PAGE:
# Our Math Deficit Doesn’t Add Up

Here’s a story you’ve probably heard before: General Plastics Manufacturing of Tacoma, Washington, needs factory workers to make foam products. So they give all their applicants a math test that asks them to convert inches to feet, calculate the density of a block of foam, and a few other things:

Basic middle school math, right?

But what troubles General Plastics executive Eric Hahn is that although the company considers only prospective workers who have a high school education, only one in 10 who take the test pass. And that’s not just bad luck at a single factory or in a single industry.

Hahn, vice president of organizational development, said that the poor scores on his company’s math test have been evident for the past six years. He also sits on an aerospace workforce training committee and said that most other Washington state suppliers in his industry have been seeing the same problem.

OK, now look at the chart on the right. It shows results from the NAEP math test—a national assessment that’s generally considered highly reliable—for 17-year-olds. And basically, it shows nothing. If you take a look at the 25th and 50th percentiles, which is where most factory workers come from, scores have been pretty flat for the past two decades. If anything, they’re up slightly.

So how do we square this with Eric Hahn’s contention that General Plastics has had trouble over the past few years finding qualified workers? I can think of a few possibilities:

1. Hahn is just wrong. He remembers the past as rosier than it was.
2. Jobs at General Plastics require higher skills than in the past, but they’re refusing to pay any more than they used to. So they’re not getting suitable applicants.
3. Ever since the NCLB “test ’em til they drop” era started, kids have been learning rote math that’s good for getting high test scores but not so good for solving actual real-world problems.
4. Scores have fallen off a cliff over the past five years, but we don’t see it in the chart because it only goes up to 2008.
5. Washington is doing worse than other states.

There’s evidence that #3 isn’t the answer. To the extent that kids are taught to the test, they’re taught to state tests, since those are the ones used to measure performance. The NAEP is a federal test that nobody teaches to because (a) it doesn’t count for anything, and (b) it’s given to only a tiny fraction of students nationwide (less than 1 percent of all K-12 students). What’s more, the long-term NAEP, which is what I showed above, has been carefully constructed to stay the same from year to year. It’s testing exactly the same thing today that it tested in 1978.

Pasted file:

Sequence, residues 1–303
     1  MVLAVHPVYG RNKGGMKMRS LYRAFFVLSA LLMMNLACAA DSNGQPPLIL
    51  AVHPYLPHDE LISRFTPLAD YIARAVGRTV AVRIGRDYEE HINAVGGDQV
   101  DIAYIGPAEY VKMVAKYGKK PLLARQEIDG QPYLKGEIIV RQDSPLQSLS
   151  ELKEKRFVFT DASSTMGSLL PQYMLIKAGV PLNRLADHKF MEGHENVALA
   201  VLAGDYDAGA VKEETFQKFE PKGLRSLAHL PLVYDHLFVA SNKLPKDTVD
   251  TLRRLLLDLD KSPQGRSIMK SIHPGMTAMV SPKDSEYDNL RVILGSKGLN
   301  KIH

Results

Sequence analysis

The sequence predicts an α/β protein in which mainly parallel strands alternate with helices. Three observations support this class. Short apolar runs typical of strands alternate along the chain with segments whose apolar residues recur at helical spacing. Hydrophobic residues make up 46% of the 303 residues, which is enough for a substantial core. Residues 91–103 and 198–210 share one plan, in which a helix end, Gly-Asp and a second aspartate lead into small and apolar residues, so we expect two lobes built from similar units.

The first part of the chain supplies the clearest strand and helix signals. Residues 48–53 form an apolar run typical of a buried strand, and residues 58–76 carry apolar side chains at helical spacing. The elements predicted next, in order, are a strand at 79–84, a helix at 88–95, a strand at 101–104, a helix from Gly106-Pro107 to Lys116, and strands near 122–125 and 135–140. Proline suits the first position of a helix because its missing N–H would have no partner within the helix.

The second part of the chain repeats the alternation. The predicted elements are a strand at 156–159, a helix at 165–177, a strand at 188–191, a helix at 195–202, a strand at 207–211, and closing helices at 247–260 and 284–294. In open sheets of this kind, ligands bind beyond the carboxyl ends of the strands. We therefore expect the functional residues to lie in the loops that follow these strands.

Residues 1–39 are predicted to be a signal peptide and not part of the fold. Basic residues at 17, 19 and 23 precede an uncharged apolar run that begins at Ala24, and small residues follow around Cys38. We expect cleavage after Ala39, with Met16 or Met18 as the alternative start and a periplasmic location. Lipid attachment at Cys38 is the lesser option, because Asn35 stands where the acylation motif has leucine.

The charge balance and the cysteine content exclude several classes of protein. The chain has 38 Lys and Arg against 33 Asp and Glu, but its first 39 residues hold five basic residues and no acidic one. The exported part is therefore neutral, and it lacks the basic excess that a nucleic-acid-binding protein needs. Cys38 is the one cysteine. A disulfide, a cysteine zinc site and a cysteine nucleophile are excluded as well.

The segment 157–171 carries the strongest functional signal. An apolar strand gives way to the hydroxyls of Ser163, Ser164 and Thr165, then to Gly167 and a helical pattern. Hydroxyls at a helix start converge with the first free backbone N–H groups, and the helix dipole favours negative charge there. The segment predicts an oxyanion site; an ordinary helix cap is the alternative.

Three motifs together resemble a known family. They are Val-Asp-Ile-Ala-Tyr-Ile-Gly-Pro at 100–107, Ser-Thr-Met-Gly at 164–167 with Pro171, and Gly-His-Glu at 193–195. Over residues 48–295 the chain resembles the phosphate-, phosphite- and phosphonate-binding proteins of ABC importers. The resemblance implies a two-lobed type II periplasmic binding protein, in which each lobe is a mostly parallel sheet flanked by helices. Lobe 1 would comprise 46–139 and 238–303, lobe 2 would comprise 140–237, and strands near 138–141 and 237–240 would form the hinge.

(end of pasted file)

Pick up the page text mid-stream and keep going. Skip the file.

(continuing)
There’s also evidence that #4 isn’t the answer. We don’t have national results for 17-year olds that are more recent than 2008, but we do have results for 8th graders on the main NAEP. Their math scores rose between 2007 and 2011. A sudden and unprecedented collapse between 8th and 12th grades seems unlikely.

There’s also evidence that #5 isn’t the answer. In fact, Washington has done a bit better than the national average over the past decade.

I might have missed a possibility. For now, though, my money is on #2.

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### WE CAME UP SHORT.

We just wrapped up a shorter-than-normal, urgent-as-ever fundraising drive and we came up about \$45,000 short of our \$300,000 goal.

That means we're going to have upwards of \$350,000, maybe more, to raise in online donations between now and June 30, when our fiscal year ends and we have to get to break-even. And even though there's zero cushion to miss the mark, we won't be all that in your face about our fundraising again until June.

So we urgently need this specific ask, what you're reading right now, to start bringing in more donations than it ever has. The reality, for these next few months and next few years, is that we have to start finding ways to grow our online supporter base in a big way—and we're optimistic we can keep making real headway by being real with you about this.

Because the bottom line: Corporations and powerful people with deep pockets will never sustain the type of journalism Mother Jones exists to do. The only investors who won’t let independent, investigative journalism down are the people who actually care about its future—you.

And we hope you might consider pitching in before moving on to whatever it is you're about to do next. We really need to see if we'll be able to raise more with this real estate on a daily basis than we have been, so we're hoping to see a promising start.